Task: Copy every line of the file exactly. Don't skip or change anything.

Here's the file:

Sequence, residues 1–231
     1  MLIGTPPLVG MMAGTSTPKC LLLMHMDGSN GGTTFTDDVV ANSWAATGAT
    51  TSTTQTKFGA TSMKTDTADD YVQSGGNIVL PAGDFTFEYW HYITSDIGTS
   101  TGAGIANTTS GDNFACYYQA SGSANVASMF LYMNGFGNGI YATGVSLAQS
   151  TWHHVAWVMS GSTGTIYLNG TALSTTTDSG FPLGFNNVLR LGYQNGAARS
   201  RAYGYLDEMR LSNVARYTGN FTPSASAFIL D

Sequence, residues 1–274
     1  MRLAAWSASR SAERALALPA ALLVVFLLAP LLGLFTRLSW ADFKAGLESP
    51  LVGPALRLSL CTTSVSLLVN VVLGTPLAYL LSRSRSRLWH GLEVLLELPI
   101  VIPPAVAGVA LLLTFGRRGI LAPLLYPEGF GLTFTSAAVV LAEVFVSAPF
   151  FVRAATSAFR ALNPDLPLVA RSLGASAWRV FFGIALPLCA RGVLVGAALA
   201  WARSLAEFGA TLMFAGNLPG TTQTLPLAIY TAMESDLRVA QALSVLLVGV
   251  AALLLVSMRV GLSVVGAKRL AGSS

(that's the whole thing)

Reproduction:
Sequence, residues 1–231
     1  MLIGTPPLVG MMAGTSTPKC LLLMHMDGSN GGTTFTDDVV ANSWAATGAT
    51  TSTTQTKFGA TSMKTDTADD YVQSGGNIVL PAGDFTFEYW HYITSDIGTS
   101  TGAGIANTTS GDNFACYYQA SGSANVASMF LYMNGFGNGI YATGVSLAQS
   151  TWHHVAWVMS GSTGTIYLNG TALSTTTDSG FPLGFNNVLR LGYQNGAARS
   201  RAYGYLDEMR LSNVARYTGN FTPSASAFIL D

Sequence, residues 1–274
     1  MRLAAWSASR SAERALALPA ALLVVFLLAP LLGLFTRLSW ADFKAGLESP
    51  LVGPALRLSL CTTSVSLLVN VVLGTPLAYL LSRSRSRLWH GLEVLLELPI
   101  VIPPAVAGVA LLLTFGRRGI LAPLLYPEGF GLTFTSAAVV LAEVFVSAPF
   151  FVRAATSAFR ALNPDLPLVA RSLGASAWRV FFGIALPLCA RGVLVGAALA
   201  WARSLAEFGA TLMFAGNLPG TTQTLPLAIY TAMESDLRVA QALSVLLVGV
   251  AALLLVSMRV GLSVVGAKRL AGSS